"For 22 years, this man has been transferred from one parish to another -- something like 17 times -- but no one has ever faced the real problem. The man is sick and needs help," McNally wrote. "Why must we always place the immediate accommodation of the priest above the good of the church? Why should so many people have to be abused and insulted and alienated from the church, just so that we can give this man a place to sleep? We seem to have our values confused."

But no one at the chancery listened to Father McNally.

From 1951 to 1979, Creighton was placed in 20 different parishes as an assistant pastor. In 1979, he was placed on a leave of absence that was renewed annually until his retirement in 1985.

Father McNally, who apparently either left the priesthood or has died, had it right in 1973. The problem with this particular priest was before Cardinal Law's appointment to the see of Boston.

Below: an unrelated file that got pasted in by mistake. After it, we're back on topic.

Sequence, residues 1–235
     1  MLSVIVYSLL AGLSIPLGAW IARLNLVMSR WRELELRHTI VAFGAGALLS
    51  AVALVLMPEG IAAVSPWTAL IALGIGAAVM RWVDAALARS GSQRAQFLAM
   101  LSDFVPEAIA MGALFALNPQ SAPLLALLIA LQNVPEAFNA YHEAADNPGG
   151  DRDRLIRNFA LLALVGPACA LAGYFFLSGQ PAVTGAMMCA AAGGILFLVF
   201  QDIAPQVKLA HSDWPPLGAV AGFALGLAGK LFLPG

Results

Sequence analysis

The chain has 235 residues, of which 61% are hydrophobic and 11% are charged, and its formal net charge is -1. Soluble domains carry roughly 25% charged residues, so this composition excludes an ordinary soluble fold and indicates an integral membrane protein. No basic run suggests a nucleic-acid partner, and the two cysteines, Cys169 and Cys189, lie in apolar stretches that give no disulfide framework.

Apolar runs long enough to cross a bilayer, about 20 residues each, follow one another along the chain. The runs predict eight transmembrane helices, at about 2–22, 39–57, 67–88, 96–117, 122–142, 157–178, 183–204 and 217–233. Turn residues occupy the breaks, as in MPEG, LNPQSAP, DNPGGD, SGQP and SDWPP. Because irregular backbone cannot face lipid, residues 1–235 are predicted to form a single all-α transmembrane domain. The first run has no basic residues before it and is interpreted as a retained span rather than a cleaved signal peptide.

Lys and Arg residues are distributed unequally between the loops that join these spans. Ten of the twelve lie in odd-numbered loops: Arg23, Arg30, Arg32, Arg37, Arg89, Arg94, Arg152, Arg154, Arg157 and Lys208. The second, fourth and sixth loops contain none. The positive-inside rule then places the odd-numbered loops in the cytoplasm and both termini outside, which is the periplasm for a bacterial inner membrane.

If we left it to the Boston Globe, that is all we would know about, one case of repeated homosexual abuse, and one of repeated heterosexual abuse. So we would be left with the false impression that the abuse is equally heterosexual and homosexual, and that homosexual abuse is not the major component. Thank Heavens we have the Boston Herald.

The Rev. Andrez Sujka returned to his native Poland last year after allegations emerged he sexually abused a boy in the late 1980s, records show. ``I was never raped, but I was definitely used for his sexual satisfaction,'' a parishioner of South Boston's Our Lady of Czestochowa wrote to the archdiocese in September 2001.

The accuser, who was 12 when the alleged abused began, said in June 2001 he confronted Sujka, who did not deny the acts but asked him to keep them secret. Sujka, who was ordained in 1975, resigned the day after archdiocese officials received the letter.

Can't tell the gender of the victims from the information in the story:

In November 2000, the Father C. Melvin Surette of Peabody resisted orders from the archdiocese that he resign from the board of Matignon High School in Cambridge. Surette had been told in 1995 to have no ministry involving youth.
After a series of letters, Surette told the church he would resign. In 1994, Surette had admitted to inappropriate conduct with minors